Sketch of the Sikhs; A Singular Nation, Who Inhabit the Provinces of the Punjab, Situated Between The Rivers Jumna and Indus.
Sole edition thus. 8vo. (iv), 198 pp, bound without the final leaf of publisher's advertisements. Contemporary half calf rebacked to style, raised bands, gilt lettered red label, an autograph letter signed from the author bound in on a tab at the front of the book.
Originally published in the eleventh volume of the Asiatic Researches. However, that work not being in "common circulation, it is now republished; and may prove acceptable, as a short and clear account of an oriental people, of singular and religion and manners, with whose history the European reader can be but little acquainted." The letter is addressed to "My dear Hare", Malcolm's friend the writer and theologian Julius Hare. He apologises for being in a "great bustle", but confides that "they are I am told to make me Governor of Bombay again and give me other work congenial to my whole soul." The letter has been dated 16th January, possibly in Hare's hand, and will have been composed in 1827 - the year Malcolm was appointed to the Bombay governorship. Malcolm had previously sought out the job of Governor of Madras, but Stephen Rumbold Lushington was the preferred candidate. However, in late 1826 it became apparent that Mountstuart Elphinstone was to retire from Bombay. Malcolm had considered other appointments in England in the interim, but he keenly accepted the opportunity to return to India with the potential to one day gain the highest Imperial rank, that of Governor-General. This ambition was never realised as despite his successes in Bombay his tenure was spiked with several controversies. He returned to England in 1830 where he spent the remaining three years of his life. Scarce.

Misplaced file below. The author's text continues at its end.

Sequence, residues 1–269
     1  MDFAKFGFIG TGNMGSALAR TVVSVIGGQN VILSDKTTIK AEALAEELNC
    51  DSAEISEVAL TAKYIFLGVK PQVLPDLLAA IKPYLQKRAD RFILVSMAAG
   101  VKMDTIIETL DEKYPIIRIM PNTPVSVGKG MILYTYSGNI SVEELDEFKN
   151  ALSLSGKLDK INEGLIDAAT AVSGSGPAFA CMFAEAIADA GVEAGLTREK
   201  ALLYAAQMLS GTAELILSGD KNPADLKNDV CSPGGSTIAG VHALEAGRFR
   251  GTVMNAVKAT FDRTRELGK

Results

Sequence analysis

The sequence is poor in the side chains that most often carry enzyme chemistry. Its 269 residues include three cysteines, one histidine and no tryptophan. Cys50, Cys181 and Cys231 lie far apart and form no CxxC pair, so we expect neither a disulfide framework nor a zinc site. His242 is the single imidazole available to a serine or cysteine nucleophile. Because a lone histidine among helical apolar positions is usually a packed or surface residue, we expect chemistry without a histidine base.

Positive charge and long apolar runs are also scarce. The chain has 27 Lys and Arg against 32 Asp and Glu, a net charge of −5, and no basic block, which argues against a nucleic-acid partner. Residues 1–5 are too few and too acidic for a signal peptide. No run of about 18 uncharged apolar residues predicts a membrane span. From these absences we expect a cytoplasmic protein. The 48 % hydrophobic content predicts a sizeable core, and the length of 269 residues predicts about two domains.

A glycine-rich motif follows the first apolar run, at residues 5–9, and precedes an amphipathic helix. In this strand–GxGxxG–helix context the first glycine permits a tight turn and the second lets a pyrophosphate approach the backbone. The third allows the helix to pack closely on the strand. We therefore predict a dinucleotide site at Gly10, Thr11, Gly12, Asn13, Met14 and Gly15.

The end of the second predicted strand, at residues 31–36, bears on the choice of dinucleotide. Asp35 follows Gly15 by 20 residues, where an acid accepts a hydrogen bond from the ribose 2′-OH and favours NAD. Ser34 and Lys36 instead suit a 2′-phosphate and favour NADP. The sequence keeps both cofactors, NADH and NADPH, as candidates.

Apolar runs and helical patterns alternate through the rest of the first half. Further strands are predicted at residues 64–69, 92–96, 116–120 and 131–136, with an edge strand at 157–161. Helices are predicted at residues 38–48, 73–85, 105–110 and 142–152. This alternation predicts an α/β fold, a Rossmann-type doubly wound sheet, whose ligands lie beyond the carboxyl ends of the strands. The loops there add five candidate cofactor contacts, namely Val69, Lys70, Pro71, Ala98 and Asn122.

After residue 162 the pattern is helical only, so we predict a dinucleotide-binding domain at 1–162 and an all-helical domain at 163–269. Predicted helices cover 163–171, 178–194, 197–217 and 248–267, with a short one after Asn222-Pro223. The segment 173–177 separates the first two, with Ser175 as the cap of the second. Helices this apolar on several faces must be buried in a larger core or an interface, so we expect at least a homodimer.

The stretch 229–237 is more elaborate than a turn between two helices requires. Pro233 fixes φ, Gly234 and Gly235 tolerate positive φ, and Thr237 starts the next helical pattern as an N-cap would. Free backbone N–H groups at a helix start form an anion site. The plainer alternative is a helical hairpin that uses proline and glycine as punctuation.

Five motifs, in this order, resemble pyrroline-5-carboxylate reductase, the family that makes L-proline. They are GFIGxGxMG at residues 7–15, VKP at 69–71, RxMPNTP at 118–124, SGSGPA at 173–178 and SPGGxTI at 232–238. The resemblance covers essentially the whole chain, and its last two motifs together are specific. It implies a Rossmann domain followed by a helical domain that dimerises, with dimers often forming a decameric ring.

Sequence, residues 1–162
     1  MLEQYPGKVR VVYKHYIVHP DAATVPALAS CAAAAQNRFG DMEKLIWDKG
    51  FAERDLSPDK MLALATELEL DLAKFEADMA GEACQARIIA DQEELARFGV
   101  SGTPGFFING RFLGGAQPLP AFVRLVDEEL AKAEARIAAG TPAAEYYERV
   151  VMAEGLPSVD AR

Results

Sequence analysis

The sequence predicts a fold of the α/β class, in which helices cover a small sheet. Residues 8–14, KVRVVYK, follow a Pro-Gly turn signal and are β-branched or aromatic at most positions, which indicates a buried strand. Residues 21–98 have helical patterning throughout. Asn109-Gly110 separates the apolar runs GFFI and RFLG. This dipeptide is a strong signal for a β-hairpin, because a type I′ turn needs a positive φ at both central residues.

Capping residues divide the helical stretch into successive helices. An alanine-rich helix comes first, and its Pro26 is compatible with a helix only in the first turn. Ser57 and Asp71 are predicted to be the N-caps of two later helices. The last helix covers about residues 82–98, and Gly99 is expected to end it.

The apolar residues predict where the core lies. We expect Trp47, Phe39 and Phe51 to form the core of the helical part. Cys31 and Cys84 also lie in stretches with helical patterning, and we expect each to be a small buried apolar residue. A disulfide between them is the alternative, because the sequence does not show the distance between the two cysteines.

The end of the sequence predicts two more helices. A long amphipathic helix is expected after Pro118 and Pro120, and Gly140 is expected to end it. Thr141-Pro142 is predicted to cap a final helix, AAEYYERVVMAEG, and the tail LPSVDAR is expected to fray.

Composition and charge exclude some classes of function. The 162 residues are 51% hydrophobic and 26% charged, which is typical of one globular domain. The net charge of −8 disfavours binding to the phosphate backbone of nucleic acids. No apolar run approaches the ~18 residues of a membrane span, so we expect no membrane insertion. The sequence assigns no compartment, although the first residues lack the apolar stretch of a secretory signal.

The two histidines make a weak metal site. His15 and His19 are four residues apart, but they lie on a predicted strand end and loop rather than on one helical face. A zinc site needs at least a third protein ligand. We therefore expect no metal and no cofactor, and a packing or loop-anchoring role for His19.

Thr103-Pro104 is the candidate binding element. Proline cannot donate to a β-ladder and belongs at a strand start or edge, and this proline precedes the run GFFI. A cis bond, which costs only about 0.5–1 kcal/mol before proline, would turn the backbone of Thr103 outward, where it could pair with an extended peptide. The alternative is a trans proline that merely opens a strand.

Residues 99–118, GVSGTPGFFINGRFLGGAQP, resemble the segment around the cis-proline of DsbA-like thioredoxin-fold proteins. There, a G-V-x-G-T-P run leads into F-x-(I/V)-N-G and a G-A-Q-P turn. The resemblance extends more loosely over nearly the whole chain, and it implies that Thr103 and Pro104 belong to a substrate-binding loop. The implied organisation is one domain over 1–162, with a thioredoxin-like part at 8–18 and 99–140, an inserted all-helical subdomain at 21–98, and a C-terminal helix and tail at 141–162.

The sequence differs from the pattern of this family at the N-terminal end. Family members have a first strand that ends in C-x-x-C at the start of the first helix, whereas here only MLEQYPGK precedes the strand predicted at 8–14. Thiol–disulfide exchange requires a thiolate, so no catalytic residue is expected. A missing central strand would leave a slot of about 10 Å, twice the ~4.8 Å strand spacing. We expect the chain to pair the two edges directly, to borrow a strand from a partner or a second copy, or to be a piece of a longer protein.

Author MALCOLM, [John], Lieutenant.